Pleasance Courtyard

14:00

15:00

22

           205.     

Murder in the Cathedral (***)

A large cast reads the verse drama “Murder in the Cathedral” about four men assassinating Archbishop Thomas Beckett under the orders of King Henry II.  I was disappointed because I had thought this was going to be play about a murder mystery, and not a reading of an historical drama.  Due to the fact that the entire cast was reading from books, the staging was minimal, and the entire show slow and pretty boring.

Old Saint Paul's Church

19:00

21:20

28

           206.     

Goodbye Uncle Fudgey (***)

An actor plays a boy who was sent to boarding school against his will by his parents and laments how it hurt him.  For the initial ¾ of the show Fudgey interacts with the audience using childish behavior both as an adult and schoolboy that quickly becomes tedious.  The last third is touching, but too late.

Gilded Balloon Teviot

20:20

21:20

22

           207.     

Swan Song (***)

Two acting friends are scheduled for the same venue time slot, and agree to only do half of each of their shows.  While the concept could be interesting, the unconvincing snippets and banter just seem to fill the time, and go nowhere.  In the play, they say that they are much more actors than writers, and it shows.

Greenside @ Infirmary Street

19:35

20:25

10

           208.     

Scaredy Fat (***)

A fat fellow who loves horror films must deal with his own horrific alter ego while talking about his experiences, and those of overweight people in the films.  Though it was clear that a lot of time went into the video aspects of the production it was just way too loud for me.  His character was too broad and antic for me to really care about his battle with his alter ego.

Pleasance Dome

16:05

17:05

10

           209.     

Tomorrow's Child (***)

After putting on blindfolds, we were led into a room to hear an adaption of Bradbury’s tale of how two parents deal with their baby born in the fourth dimension.  I am not sure whether I fell asleep or not, but it seemed to be almost entirely a sequence of loud sound effects with few words.  So for me there wasn’t much here.

Assembly Checkpoint

11:40

12:50

20

           210.     

Edmonds (***)

An actor plays Noel Edmonds and selects an audience to play “Deal or No Deal” by repeatedly selecting one of 22 boxes each of which contain references to Edmond’s career, and not money.  As a Yank who knew nothing of Edmonds, nor “Deal…”, I found most of the show boring.  Now that I have researched the two, I still think that the show has little to offer.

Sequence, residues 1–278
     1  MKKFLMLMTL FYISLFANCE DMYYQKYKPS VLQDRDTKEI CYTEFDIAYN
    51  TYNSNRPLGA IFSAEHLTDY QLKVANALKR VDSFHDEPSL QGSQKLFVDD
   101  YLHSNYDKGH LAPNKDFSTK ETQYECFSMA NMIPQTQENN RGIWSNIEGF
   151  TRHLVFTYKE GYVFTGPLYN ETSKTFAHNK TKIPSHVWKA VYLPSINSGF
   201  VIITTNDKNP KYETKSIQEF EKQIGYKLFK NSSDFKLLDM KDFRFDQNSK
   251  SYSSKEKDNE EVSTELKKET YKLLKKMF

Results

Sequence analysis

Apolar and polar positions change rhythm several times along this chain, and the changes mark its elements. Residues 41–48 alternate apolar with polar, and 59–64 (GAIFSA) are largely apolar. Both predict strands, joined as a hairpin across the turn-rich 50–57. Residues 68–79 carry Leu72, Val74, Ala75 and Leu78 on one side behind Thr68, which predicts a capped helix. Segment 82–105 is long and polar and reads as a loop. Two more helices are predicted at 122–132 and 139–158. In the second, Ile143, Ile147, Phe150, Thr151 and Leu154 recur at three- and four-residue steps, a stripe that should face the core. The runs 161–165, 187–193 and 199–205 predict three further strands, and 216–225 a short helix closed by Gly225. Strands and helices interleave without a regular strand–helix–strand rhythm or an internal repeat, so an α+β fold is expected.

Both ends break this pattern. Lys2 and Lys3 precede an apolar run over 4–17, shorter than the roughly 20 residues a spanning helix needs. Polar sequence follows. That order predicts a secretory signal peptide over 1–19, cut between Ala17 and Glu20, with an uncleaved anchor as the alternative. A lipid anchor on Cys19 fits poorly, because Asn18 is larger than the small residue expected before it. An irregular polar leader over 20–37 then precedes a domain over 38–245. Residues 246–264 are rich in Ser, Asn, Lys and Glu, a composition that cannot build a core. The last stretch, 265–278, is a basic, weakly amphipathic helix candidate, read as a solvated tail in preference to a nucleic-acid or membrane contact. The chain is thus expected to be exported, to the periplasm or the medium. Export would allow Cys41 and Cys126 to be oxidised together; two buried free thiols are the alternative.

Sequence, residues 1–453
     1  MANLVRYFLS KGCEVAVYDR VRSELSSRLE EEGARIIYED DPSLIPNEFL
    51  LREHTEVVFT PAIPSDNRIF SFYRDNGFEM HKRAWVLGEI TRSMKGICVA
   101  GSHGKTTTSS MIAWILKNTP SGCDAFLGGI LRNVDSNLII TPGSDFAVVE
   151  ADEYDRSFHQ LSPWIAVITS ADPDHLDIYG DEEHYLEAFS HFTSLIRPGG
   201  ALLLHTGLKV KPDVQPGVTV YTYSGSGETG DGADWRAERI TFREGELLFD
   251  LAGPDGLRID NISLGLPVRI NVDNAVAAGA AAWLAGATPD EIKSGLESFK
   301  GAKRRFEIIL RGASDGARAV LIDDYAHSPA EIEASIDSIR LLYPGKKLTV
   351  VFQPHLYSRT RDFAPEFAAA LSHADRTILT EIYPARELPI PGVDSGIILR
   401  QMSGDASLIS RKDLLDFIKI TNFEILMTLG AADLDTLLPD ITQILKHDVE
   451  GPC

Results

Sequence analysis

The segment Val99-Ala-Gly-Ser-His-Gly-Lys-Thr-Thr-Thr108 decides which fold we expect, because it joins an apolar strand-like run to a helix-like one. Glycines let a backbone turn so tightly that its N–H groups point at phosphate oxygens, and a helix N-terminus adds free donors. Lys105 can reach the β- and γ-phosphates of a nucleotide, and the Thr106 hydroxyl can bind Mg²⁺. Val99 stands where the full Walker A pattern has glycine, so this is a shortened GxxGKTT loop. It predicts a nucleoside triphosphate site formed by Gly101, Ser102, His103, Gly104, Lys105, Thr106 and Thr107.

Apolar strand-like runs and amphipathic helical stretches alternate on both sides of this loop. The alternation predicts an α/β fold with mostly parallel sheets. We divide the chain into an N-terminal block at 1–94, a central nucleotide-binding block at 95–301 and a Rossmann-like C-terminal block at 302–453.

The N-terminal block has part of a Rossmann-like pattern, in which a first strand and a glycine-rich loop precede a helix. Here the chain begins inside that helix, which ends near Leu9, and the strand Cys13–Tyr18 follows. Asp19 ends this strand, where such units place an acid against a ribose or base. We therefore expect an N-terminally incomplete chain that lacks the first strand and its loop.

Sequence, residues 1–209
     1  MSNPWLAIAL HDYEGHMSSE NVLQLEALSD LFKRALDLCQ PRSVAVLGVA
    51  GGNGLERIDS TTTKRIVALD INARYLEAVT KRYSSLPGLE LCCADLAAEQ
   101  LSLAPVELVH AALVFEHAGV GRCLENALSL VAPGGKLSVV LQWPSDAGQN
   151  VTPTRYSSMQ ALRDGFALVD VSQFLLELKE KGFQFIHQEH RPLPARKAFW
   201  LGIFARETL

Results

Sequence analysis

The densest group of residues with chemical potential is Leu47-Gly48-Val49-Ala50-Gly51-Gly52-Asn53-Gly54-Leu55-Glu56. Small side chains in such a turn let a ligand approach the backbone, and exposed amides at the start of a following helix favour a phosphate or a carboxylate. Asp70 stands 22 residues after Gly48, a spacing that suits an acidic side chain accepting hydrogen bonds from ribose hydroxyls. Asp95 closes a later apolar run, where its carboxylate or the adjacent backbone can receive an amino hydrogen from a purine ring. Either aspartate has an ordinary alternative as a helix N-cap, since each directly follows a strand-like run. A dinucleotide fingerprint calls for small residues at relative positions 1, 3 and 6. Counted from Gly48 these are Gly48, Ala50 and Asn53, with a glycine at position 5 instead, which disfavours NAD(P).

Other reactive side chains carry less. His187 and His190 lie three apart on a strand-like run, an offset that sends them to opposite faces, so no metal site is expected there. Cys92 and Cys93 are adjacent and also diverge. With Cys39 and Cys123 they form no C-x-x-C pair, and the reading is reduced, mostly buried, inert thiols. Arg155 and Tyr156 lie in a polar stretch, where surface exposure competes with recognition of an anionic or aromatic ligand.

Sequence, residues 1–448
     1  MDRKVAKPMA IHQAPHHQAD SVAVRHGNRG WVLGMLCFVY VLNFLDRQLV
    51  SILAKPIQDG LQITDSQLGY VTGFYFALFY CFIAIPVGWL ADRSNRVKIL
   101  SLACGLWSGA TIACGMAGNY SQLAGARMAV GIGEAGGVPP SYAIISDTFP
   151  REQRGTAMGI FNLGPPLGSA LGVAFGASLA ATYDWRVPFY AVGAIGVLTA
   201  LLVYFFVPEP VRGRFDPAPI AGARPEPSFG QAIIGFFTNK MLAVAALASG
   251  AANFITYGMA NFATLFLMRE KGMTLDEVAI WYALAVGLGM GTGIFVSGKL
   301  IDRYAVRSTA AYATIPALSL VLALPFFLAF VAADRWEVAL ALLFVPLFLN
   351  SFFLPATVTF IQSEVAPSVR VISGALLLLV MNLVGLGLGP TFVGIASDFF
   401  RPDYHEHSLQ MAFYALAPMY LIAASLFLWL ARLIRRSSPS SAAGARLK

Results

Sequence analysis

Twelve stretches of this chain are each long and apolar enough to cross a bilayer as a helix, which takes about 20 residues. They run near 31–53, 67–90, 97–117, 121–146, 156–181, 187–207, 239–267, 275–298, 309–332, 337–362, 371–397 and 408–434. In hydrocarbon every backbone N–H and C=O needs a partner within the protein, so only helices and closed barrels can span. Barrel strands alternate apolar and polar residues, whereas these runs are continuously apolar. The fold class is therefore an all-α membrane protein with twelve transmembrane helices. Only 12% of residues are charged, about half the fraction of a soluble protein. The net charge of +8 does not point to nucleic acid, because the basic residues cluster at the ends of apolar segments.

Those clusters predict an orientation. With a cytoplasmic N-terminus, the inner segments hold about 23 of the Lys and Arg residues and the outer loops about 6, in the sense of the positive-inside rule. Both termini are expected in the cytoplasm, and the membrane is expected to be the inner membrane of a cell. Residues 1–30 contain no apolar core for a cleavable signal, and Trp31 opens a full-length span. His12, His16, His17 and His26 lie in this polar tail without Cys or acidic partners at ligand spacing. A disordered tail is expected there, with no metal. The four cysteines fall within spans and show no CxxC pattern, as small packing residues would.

Pleasance Courtyard

15:15

16:15

8

           211.     

Otto & Astrid's Joint Solo Project (***)

The guitarist and drummer satirize rock bands, and their childish disagreements.  Though the music had a good beat, and I had the sense the lyrics were somewhat witty, it was just too loud and not particularly tuneful.  The whole “this is my side of the stage” shtick quickly grew tiresome.

Assembly George Square Gardens

19:25

20:25

12

           212.     

Until Death (***)

This one-woman show (with a little help) mixes together bats, a hospital, Marilyn Monroe, and stripper without a plot, nor premise, and ends up a mess.  The ideas are so disparate that it could be a fever dream.   One memorable sequence, based on Marilyn Monroe’s exhaust grate scene, has her wearing a white dress, and trying to have an orgasm by blowing progressively larger fans up her dress.

theSpace @ Surgeons Hall

22:10

23:00

26

           213.     

Ay Up, Hitler! (**)

Hitler and his three henchmen didn’t die, they took up residence in Yorkshire.  This show once again proves that only Mel Brooks could make a funny show about Hitler, and get away with it.  Anytime you are trying to make a joke involving the Holocaust you should know you are way too far afield.

theSpace @ Surgeons Hall

22:15

23:20

20

           214.     

How to Drink Wine Like a Wanker (**)